Learn about Windows PowerShell
Summary: Use Windows PowerShell to produce a mailbox activity report for Office 365.
Microsoft Scripting Guy, Ed Wilson, is here. This morning I am sipping a cup of pomegranate black tea, and nibbling on a fresh blueberry scone. I am using my Windows Surface Pro 2 to check my email, and to make sure the Hey, Scripting Guy! Blog posted properly overnight. Everything is groovy.
I am looking for the Scripting Wife’s phone. No, she hasn’t lost it. She ordered a new one. To be fair, it will be her birthday present, although she may not know that yet. She is turning out to be a huge gadget geek, and she announced that she simply must have a new phone. She ended up ordering the Nokia Lumia 1020. She came close to ordering the Nokia 1520 due to the 41-megapixel camera and because of the larger screen. In the end, it was the camera that tipped the scale. So, I am looking for her phone to show up in the morning deliveries. Not here yet, but then it isn’t even 8:00 AM yet either.
The MailboxUsage report REST URI provides summary stats about the Office 365 organization's mailbox usage. The report makes the following fields available:
Information about the report is available on the MSDN page that details this report: MailboxUsage report.
Note Todays script is based on the one I created yesterday, and you should read that post for more details about the script and how it works: Use PowerShell for Office 365 Reporting.
The first portion of the script is the same as the one used yesterday. This portion of the code reads the credentials from the XML file and specifies the URL root, the format, and the report to run:
$cred = Import-Clixml C:\fso\ScriptingGuyCredential.xml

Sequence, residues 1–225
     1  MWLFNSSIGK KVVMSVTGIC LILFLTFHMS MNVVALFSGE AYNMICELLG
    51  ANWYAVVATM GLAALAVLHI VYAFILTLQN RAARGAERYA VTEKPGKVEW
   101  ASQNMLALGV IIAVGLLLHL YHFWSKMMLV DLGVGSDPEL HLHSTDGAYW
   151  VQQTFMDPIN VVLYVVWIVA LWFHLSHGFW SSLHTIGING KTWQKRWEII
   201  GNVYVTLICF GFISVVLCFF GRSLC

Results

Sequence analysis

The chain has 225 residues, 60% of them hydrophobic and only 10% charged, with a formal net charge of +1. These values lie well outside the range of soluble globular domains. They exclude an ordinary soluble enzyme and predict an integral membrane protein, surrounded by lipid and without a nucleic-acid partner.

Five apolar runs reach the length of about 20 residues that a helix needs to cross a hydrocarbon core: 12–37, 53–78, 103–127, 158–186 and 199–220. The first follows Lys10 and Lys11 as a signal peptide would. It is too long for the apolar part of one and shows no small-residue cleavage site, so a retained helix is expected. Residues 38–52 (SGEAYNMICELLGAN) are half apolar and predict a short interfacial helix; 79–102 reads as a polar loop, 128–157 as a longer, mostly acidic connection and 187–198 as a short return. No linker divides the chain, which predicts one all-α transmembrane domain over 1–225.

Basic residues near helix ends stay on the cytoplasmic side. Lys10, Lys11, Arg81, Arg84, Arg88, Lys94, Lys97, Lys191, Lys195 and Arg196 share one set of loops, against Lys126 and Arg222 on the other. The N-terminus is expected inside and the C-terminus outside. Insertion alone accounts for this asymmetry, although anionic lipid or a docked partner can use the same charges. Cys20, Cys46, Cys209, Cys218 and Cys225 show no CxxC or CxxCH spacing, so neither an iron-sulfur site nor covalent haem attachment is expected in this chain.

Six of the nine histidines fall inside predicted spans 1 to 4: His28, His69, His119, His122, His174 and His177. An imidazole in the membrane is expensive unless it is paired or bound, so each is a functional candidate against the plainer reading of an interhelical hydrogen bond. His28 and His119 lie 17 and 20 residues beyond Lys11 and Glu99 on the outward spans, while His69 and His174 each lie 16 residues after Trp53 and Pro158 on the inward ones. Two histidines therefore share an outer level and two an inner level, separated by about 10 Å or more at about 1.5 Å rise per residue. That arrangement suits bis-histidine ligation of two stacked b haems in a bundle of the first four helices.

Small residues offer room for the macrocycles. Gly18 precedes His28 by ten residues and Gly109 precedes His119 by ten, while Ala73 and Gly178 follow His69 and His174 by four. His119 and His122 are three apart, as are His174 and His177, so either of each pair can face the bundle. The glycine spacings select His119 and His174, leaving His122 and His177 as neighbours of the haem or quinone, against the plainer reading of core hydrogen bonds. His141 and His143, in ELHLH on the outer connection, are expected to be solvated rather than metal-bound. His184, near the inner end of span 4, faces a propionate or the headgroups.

$Root = "https://reports.office365.com/ecp/reportingwebservice/reporting.svc/"
$Format = "`$format=JSON"
$WebService = "MailboxUsage"
I decided to create a separate variable to hold the property names because the property names are all pretty long, and my script was getting bulky. In the end, I decided that I did not need all of the properties. I then used an expanding string to create the Select portion of the query string. This is shown here:
$aryP = "Date,TenantName,MailboxesOverWarningSize,TotalInactiveMailboxCount,TotalMailboxCount"
$Select = "`$select=$aryP"
The next portion uses a string to create the report URL:
$url = ($Root + $WebService + "/?" + $Select + "&" + $Format)
The Invoke-RestMethod cmdlet accepts the credentials from the XML file and the URI created in the previous string. Grouping returns the results and sends them down the pipeline. This is shown here:
(Invoke-RestMethod -Credential $cred -uri $url).d.results |
Now I need to create a custom object for my output. I decided that, unlike yesterday, I do not want a string for a date. I want the complete DateTime object because it has a number of methods that make it easier to work with. This script uses Windows PowerShell 3.0 syntax to create a custom object that contains the properties I specified earlier:
Date = $_.date
TenantName = $_.TenantName
MailboxesOverWarningSize = $_.MailboxesOverWarningSize
TotalMailboxCount = $_.TotalMailboxCount
TotalInactiveMailboxCount = $_.TotalInactiveMailboxCount } }
It is possible to use a filter, an orderby in the query string, or the Select option. But to be honest, it is easier for me to use Windows PowerShell to do this. For example, if I only want to see a mailbox report for a date that is later than 6/30/14, I can add the following to my script:
| where date -gt "6/30/14"
Windows PowerShell automatically casts the string to a date for me, and I am at little risk of messing up my script. This is shown in the following image:
Maybe I only want to find dates that have inactive mailboxes. I can also do this fairly easily. Here is the script,, but the results are not too exciting:
| where TotalInactiveMailboxCount
Maybe I want to track the mailbox count over time. I can use my same script, and develop a slightly different query. Here it is:
| Select Date, TotalMailboxCount | sort Date -Descending
When I run the script, I see the mailbox count for each date, and the report begins with the most recent date. This is shown in the following image:
That is all there is to using Windows PowerShell to produce a mailbox activity report. Office 365 Week will continue tomorrow when I will talk about more cool stuff.
I invite you to follow me on Twitter and Facebook. If you have any questions, send email to me at firstname.lastname@example.org, or post your questions on the Official Scripting Guys Forum. See you tomorrow. Until then, peace.
Ed Wilson, Microsoft Scripting Guy